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The Aftermath

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Reseña de álbum

With Mobb Deep and Illegal at one end of the spectrum (the more authentically streetwise one), Kris Kross and Chi-Ali on the (more commercially savvy) other, and Leaders of the New School occupying the eccentric, artistic center, the early '90s did not want for teenaged rap artists. Philadelphia's Da Youngsta's was yet another trio of underage MCs who made a brief but fairly impressive splash on the hip-hop scene. Impressive enough, in fact, to draw the attention of some of the genre's major personalities. The Aftermath leans toward the street side of the divide, but has some of the artistic heft of L.O.N.S., mostly as a result of the production work of a quartet of heavyweights: the Beatnuts, Pete Rock, Marley Marl, and DJ Premier. Unlike the clear legitimacy that was immediately bestowed by the community upon Mobb Deep's Prodigy and Havoc, however, it is not always easy to take the relentlessly hardcore stance of Da Youngsta's seriously. First, though, it is somewhat superficial as a reason, the voice of at least one of the group's members was still stuck in puberty hell at the time the album was recorded. It is cartoonish, in a decidedly sinister way, to hear such a voice making physical threats and lyrical boasts. Secondly, Lawrence "L.G." Goodman, who oversees the proceedings (and comes up with some strong beats of his own), just happens to be father to two-thirds of the crew (the third member was a cousin). The fact that Da Youngsta's, in reality, were not exactly callous street urchins takes some of the wind and conviction out of their more menacing rhetoric. Those failings aside, the album still has a bevy of platinum moments, especially the Beatnuts track "Wild Child," Pete Rock's "Iz U Wit Me" and "Who's the Mic Wrecka," Premier's "Wake Em Up," and Goodman's own "Count It Off."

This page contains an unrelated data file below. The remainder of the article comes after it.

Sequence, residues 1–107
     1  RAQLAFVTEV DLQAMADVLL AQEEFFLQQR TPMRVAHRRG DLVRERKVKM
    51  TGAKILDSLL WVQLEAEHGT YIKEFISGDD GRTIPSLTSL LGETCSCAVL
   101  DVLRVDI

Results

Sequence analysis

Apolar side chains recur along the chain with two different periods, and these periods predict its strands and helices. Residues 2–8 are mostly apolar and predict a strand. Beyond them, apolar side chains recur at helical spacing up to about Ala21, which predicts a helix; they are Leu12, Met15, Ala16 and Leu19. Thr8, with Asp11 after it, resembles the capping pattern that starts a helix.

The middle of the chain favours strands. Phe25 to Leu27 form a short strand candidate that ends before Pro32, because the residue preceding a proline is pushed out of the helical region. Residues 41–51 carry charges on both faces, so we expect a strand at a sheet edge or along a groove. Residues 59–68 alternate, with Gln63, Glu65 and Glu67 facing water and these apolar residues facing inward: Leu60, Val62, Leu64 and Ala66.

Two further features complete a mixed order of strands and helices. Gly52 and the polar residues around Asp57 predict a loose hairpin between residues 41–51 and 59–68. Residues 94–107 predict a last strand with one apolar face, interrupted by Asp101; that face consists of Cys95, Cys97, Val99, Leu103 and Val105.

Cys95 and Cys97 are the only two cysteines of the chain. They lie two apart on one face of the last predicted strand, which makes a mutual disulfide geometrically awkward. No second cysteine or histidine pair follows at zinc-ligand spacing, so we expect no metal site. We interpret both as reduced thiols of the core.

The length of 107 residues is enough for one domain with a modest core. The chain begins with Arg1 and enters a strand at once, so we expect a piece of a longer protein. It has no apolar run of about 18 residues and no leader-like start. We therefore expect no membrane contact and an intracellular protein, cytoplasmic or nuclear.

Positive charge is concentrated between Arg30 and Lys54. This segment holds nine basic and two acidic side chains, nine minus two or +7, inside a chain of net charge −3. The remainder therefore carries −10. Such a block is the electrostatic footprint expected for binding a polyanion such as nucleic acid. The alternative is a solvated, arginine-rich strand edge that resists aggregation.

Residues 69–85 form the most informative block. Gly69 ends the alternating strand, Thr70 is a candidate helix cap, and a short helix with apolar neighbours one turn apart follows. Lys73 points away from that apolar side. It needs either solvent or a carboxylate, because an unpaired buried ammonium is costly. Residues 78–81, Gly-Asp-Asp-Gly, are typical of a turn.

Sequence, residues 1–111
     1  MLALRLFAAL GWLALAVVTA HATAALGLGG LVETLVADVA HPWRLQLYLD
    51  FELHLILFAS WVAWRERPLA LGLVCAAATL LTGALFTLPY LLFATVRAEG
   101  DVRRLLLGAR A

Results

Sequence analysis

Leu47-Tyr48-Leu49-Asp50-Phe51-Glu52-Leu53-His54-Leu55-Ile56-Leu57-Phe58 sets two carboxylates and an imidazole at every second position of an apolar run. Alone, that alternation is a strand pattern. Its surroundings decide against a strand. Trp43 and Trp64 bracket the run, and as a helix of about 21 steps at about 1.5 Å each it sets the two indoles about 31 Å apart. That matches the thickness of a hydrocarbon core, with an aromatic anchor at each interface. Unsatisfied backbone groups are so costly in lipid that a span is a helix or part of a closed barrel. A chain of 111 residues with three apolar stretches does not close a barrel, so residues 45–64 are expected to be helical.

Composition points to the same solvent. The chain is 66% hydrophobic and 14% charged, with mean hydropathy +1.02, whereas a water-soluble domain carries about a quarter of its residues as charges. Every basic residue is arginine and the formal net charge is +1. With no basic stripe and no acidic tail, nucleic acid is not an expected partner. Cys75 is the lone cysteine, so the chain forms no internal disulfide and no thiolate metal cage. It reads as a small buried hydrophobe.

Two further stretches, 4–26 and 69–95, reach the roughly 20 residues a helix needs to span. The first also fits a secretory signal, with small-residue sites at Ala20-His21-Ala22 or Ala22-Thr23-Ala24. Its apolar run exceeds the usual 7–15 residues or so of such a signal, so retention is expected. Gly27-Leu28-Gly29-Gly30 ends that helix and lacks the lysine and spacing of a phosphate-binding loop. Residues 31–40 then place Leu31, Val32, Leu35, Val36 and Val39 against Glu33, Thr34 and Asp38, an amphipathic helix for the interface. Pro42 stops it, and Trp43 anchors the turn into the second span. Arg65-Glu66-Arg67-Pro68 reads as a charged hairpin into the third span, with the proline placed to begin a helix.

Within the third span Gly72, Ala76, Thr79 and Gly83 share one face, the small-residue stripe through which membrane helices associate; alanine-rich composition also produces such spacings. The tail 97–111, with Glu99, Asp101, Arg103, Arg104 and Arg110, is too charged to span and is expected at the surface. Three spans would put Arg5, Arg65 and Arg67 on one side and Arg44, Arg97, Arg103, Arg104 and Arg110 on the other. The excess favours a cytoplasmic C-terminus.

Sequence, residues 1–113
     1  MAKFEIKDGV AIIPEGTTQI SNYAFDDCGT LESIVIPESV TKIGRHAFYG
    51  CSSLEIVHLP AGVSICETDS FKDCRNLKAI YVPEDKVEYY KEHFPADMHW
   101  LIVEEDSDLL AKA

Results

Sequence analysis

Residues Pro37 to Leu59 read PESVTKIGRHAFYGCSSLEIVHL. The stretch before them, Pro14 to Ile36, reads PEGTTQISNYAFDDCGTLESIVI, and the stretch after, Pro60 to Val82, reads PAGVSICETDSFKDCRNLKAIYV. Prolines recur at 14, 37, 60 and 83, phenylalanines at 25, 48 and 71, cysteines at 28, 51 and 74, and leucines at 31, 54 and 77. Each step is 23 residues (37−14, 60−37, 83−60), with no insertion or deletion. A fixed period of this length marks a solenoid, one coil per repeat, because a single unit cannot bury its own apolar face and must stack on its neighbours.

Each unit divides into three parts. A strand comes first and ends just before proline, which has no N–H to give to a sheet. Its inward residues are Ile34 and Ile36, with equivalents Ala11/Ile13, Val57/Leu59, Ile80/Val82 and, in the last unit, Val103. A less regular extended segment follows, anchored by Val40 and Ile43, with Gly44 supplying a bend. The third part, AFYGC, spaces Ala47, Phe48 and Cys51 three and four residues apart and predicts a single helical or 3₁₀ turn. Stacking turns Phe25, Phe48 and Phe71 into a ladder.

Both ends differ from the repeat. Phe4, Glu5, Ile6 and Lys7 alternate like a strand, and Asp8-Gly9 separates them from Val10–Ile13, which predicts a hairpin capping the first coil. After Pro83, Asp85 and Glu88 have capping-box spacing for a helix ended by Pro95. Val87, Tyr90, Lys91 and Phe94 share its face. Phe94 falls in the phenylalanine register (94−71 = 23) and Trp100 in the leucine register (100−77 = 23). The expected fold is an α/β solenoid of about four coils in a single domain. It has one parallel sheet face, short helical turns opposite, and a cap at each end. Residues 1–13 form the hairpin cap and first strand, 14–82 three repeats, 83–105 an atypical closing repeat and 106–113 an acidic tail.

Se formó en: Philadelphia, PA

Género: Hip-Hop/Rap

Años de actividad: '90s

The precocious Philadelphia trio consisting of Tajj, Tarik, and Qu'ran may have been the most talented teen rappers ever to grace a hip-hop stage. However, the untimely release of their March 1992 debut Something 4 Da Youngstas coincided with the preteen pop/rap phenomenon that was Kriss Kross. Da Youngstas' first release showed the trio's incredible promise, especially considering that they penned their own lyrics in stark contrast to the Mack Daddy and the Daddy Mack. The trio's amazingly advanced...
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The Aftermath, Da Youngsta's
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